Physics Stack Exchange is a question and answer site for active researchers, academics and students of physics. Join them; it only takes a minute:

Sign up
Here's how it works:
  1. Anybody can ask a question
  2. Anybody can answer
  3. The best answers are voted up and rise to the top

Here by "low temperature" I meant it in the scale of the characteristic $\hbar \omega$ of the system.

One can calculate and show that in the low temperature regime $C_V$ of phonons goes like $T^3$ for free fermions it goes as $T$ and for free bosons its like $T^{\frac{3}{2}}$ In most of the above cases the power comes from some complicated calculation.

  • I was wondering if there is a heuristic argument for "understanding" these powers.

  • Further is the power of $T$ characteristic of the system? Like if in a substance one sees the low temperature behaviour of $C_V$ to be going as $T$ then does it says something like that the effective degree of freedom of the system is that of free fermions?

  • Are there other examples of such calculation? Like typical systems where one can calculate the low temperature dependance of $C_V$?

share|cite|improve this question
I think your $T$-dependencies are wrong: You cannot say that free bosons have such-and-such temperature dependence of $C_V$ if you don't know what the dispersion relation of them is. Photons are bosons, but so are hydrogen atoms, and they have very different heat capacities – Lagerbaer Aug 15 '11 at 0:35
up vote 2 down vote accepted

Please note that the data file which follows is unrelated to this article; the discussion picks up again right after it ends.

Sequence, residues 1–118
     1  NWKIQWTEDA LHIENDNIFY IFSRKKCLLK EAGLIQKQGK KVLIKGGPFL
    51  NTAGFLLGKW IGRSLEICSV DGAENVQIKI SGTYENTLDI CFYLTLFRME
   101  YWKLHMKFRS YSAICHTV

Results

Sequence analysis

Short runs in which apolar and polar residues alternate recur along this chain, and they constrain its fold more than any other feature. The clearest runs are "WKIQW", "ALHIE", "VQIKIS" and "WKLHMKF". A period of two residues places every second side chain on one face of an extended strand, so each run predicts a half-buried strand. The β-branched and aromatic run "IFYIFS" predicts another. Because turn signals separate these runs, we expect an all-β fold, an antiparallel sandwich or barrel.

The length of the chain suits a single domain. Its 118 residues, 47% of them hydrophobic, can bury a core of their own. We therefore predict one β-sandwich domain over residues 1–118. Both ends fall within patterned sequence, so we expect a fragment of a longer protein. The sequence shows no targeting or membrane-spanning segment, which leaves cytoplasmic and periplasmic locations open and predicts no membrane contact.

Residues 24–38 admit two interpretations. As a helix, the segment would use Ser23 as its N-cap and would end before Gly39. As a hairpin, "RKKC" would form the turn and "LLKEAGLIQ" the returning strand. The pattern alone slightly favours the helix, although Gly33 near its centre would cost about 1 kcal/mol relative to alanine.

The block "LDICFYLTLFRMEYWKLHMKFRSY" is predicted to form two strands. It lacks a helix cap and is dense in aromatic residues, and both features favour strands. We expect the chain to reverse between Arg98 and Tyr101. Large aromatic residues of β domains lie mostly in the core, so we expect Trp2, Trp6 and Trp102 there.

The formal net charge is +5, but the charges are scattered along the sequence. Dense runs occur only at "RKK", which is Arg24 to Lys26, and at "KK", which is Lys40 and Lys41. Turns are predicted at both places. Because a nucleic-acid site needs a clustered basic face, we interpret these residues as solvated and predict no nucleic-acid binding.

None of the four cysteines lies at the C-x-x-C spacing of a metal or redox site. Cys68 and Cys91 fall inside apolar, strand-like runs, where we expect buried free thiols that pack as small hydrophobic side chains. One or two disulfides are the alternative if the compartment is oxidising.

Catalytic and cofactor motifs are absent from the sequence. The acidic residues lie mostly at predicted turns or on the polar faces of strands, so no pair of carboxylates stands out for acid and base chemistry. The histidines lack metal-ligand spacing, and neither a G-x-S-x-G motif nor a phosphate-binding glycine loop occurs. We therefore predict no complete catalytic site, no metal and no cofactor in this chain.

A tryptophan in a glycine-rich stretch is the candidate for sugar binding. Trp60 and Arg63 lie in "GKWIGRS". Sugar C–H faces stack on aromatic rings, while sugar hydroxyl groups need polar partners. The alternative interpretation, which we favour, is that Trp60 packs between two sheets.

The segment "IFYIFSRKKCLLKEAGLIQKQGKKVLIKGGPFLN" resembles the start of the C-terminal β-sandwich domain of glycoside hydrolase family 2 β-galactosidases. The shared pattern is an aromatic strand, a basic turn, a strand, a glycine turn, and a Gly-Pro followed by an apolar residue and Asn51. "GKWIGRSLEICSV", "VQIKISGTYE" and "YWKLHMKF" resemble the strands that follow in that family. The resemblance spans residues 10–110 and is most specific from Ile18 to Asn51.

First, since $C_V = \left(\frac{\partial U}{\partial T}\right)_V$, the problem of looking for the power of $T$ in $C_V$ is equivalent to the problem of looking for the power of $T$ in $U$, the internal energy of your system.

This energy is given by an integral over the density of states $g(E) dE$ and the appropriate distribution function (Fermi-Dirac or Bose-Einstein):

$$U = \int dE E \cdot g(E) n(E)$$

The distribution function includes an exponential of the form $E/kT$, which we replace by a new variable $x$, so that $E = x kT$ and $dE/dx = kT$.

Hence, if $g(E) \sim E^a$, you end up with a factor $T^{(a + 2)}$. All other components in your integral don't depend on $T$, so you have $U \sim T^{a+2}$ and $$C_V \sim T^{a+1}$.

So the only thing you have to figure out is how the density of states scales with energy. For a three dimensional photon gas, for example, we have a density of states that is proportional to $E^2$, so the specific heat is proportional to $T^{2 + 1} = T^3$.

For a two-dimensional free electron gas, we have $g(E) = const$, so the heat capacity should be proportional to $T^{0+1} = T$. For a one-dimensional electron gas, we have $g(E) \sim E^{-1/2}$, so $C_V \sim T^{-1/2 + 1} = T^{1/2}$.

Conversely, if you measure the low temperature behavior, this effectively means you measure $a$. This tells you what the density of states approximately scales like, at least in the lower energy regime. This does not tell you, however, what sort of elementary excitations you are looking at, as a peculiar band structure of the electrons could in principle give rise to a density of states that you'd normally expect in a photon gas. (Graphene would be an example, with its linear dispersion at the Dirac point).

To your last question: Yes. For every system where you can come up with a density of states, you can then carry out the calculation and determine the specific heat. Another examples would be a ferromagnet at low temperature, whose elementary excitations are spin-waves (magnons).

share|cite|improve this answer

Your Answer


By posting your answer, you agree to the privacy policy and terms of service.

Not the answer you're looking for? Browse other questions tagged or ask your own question.